Ars Technica’s Jim Salter on a novel eavesdropping method devised by security researchers at Ben-Gurion University of the Negev:
The Cyber@BGU team—consisting of Ben Nassi, Yaron Pirutin, Tomer Gator, Boris Zadov, and Professor Yuval Elovici—analyzed a broad array of widely used consumer devices including smart speakers, simple PC speakers, and USB hubs. The team found that the devices’ power indicator LEDs were generally influenced perceptibly by audio signals fed through the attached speakers.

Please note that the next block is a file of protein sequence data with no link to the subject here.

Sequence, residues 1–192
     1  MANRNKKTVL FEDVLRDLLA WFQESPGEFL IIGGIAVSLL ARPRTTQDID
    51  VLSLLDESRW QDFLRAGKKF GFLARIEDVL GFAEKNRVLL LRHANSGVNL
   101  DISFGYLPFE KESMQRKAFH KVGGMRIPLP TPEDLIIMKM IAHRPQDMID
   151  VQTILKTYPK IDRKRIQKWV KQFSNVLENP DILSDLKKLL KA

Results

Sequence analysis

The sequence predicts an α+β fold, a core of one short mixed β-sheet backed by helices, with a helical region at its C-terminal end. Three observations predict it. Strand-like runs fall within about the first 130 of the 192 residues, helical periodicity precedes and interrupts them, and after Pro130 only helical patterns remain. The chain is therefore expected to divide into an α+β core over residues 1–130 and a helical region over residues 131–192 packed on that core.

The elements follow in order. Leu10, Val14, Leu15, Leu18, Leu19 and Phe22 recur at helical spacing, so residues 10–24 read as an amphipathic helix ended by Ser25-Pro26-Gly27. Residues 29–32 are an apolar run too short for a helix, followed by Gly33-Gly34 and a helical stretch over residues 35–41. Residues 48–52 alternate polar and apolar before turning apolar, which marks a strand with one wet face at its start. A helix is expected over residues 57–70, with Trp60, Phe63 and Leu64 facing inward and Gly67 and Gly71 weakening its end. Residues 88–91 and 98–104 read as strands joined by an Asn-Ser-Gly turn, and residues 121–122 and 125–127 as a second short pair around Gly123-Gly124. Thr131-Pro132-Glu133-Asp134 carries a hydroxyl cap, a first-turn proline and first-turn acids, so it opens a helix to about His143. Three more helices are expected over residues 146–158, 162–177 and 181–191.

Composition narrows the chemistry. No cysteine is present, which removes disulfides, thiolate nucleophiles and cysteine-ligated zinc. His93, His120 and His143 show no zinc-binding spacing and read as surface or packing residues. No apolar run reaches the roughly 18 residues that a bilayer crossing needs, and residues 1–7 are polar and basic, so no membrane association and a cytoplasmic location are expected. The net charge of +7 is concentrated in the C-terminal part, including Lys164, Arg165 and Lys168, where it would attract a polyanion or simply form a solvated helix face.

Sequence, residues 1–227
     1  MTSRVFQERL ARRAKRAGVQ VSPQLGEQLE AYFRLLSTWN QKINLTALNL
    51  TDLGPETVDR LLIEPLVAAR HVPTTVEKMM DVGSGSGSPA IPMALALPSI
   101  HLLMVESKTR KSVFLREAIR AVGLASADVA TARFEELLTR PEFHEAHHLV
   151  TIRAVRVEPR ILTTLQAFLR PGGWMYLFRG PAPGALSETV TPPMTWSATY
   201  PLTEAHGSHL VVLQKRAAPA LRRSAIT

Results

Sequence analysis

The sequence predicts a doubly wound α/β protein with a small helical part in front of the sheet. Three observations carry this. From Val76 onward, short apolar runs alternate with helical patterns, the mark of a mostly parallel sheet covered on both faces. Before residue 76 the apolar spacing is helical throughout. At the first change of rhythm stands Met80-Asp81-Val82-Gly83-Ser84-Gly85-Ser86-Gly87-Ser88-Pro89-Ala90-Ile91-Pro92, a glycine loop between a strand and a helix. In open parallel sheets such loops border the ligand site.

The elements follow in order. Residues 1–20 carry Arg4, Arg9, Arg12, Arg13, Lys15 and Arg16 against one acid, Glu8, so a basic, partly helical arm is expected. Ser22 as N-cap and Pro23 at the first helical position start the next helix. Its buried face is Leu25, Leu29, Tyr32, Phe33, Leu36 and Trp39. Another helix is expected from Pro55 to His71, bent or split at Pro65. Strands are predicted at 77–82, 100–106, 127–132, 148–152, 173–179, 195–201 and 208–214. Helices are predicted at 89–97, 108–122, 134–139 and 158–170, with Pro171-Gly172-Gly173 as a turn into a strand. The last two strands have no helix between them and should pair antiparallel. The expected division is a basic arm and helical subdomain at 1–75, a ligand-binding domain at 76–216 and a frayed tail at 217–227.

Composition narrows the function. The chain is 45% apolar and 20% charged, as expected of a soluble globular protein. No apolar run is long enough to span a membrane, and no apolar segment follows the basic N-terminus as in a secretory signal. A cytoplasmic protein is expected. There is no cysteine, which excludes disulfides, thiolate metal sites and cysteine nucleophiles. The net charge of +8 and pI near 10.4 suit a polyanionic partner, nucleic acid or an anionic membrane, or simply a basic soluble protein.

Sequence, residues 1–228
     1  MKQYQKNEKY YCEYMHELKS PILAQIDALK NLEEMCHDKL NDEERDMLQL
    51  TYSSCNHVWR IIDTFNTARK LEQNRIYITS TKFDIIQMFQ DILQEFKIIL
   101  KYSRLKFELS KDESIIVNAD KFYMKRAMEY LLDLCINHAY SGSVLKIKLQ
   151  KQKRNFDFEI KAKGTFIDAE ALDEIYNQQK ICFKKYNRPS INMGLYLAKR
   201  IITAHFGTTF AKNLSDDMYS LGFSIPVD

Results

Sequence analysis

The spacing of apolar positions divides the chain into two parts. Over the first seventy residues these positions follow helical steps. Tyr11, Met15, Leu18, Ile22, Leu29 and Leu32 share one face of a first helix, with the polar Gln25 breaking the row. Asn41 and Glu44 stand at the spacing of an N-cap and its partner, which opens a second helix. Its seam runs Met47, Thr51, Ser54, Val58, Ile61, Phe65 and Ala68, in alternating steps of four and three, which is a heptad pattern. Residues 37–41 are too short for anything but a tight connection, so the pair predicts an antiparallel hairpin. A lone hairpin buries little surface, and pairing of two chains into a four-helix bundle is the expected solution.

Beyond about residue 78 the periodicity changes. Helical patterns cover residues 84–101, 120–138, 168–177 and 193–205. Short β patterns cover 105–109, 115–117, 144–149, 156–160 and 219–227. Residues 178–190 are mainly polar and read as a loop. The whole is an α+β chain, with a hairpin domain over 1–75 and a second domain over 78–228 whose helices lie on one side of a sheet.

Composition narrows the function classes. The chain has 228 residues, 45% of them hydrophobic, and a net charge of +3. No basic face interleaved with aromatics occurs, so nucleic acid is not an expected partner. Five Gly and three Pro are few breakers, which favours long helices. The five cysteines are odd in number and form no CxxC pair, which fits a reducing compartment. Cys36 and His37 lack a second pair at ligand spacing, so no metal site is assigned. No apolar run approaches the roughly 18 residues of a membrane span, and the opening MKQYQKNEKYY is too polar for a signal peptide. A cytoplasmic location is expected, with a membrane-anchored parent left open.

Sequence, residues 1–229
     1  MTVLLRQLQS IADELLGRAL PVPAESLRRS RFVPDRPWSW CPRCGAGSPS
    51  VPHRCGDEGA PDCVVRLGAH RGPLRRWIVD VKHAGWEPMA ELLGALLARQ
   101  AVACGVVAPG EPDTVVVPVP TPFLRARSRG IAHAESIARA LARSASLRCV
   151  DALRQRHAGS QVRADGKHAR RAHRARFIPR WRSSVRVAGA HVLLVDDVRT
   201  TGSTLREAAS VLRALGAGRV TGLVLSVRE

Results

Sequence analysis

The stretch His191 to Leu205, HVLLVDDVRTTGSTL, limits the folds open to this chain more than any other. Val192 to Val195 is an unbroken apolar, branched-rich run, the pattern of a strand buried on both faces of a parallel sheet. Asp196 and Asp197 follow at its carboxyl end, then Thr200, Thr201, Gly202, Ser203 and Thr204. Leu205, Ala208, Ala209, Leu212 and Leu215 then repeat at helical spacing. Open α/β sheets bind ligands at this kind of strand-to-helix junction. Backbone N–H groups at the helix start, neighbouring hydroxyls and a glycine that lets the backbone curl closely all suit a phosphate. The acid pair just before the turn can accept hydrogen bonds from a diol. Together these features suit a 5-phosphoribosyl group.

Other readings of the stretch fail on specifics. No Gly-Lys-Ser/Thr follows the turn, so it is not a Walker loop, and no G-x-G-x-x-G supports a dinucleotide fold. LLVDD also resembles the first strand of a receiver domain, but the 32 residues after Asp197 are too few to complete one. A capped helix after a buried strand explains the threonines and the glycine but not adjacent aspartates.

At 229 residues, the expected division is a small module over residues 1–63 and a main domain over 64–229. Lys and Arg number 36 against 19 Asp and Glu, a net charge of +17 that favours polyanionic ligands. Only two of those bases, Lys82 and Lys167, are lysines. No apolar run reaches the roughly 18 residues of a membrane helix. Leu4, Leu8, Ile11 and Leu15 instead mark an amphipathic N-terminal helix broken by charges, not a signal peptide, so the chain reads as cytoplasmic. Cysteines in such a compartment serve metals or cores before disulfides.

Although the fluctuations in LED signal strength generally aren’t perceptible to the naked eye, they’re strong enough to be read with a photodiode coupled to a simple optical telescope. The slight flickering of power LED output due to changes in voltage as the speakers consume electrical current are converted into an electrical signal by the photodiode; the electrical signal can then be run through a simple Analog/Digital Converter (ADC) and played back directly.
This isn’t something that most people need to worry about, thanks to several reasons outlined in the piece (the need for line of sight, the inability to capture any local audio, and so on), but it’s still kind of amazing to think about.